Department store Marks&Spencers and textile charity Oxfam team up to launch UK’s biggest clothing recycling campaign to encourage consumers to recycle their clothes. ‘M&S and Oxfam Clothes Exchange’ is designed to raise money for Oxfam’s work to tackle poverty and injustice and to reduce the one million tonnes of clothing sent by the public to landfill in the UK each year. As part of the M&S and Oxfam Clothes Exchange, customers making a donation of M&S clothes to Oxfam will receive a voucher worth £5, valid for one month, to use with their next purchase of £35 or more on clothing, homeware or beauty products at M&S. The Exchange will be trialled for six months and reviewed on an ongoing basis, and from 28th January vouchers will be given out in exchange for M&S clothes in Oxfam’s 790 stores across the UK and Republic of Ireland.

Sir Stuart Rose, Chief Executive, Marks & Spencer said: “We are pleased that we have teamed up with Oxfam, the UK’s biggest charity shop to help customers to raise money for developing countries by recycling their clothes they no longer need. It’s a triple win – it’s good for customers, good for people in developing countries and good for the environment.” Oxfam sees this partnership as an enormous opportunity to make a real difference to global poverty.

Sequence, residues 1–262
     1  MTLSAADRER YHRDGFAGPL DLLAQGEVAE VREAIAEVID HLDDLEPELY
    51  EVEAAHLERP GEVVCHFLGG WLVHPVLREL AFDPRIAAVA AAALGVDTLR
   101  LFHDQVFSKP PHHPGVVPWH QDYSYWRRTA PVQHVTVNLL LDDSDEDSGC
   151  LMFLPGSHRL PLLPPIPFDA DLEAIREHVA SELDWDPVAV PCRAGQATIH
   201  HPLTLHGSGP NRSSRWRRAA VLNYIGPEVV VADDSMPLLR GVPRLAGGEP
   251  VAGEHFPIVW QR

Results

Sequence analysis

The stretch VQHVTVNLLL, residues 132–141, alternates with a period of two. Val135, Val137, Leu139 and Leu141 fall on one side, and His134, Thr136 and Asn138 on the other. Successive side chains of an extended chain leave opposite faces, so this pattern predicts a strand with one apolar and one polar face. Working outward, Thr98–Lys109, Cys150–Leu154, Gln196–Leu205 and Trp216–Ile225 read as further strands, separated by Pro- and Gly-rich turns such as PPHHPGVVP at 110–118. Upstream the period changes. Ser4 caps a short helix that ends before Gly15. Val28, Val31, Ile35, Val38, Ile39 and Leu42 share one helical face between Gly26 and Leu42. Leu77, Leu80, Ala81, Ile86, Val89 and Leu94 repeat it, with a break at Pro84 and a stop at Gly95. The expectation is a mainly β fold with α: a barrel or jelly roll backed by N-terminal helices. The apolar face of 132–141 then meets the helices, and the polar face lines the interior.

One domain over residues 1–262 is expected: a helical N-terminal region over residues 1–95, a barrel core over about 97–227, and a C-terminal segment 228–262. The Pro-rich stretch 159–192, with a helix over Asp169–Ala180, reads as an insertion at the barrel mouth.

This announcement forms part of M&S’ first anniversary update on Plan A. The eco plan sets out M&S’ 100 ‘eco-targets’ for the next five years, including aiming to become carbon neutral and send no waste to landfill. So far M&S managed to motivate their customers to wash their clothes at a lower temperature in response to their ‘Wash at 30’ campaign, saving an estimated 25,000 tonnes of CO2. The usage of plastic food carrier bags went down with 66% in M&S stores in Northern Ireland, where they trialled charging for carriers. Across their entire business M&S saw an 11% reduction in customer usage of food carrier bags. M&S also improved on CO2 reductions, removed artificial colours from their food and promoted organic and Fairtrade certified food over artificial food.

The M&S and Oxfam Clothes Exchange will raise more money for Oxfam to help people escape poverty around the world. This includes dealing with issues in more than 70 countries, ranging from campaigning against unfair trade rules that keep developing countries in poverty, to providing tools, seeds and skills to poor farmers.

Image: Marks & Spencer Archive


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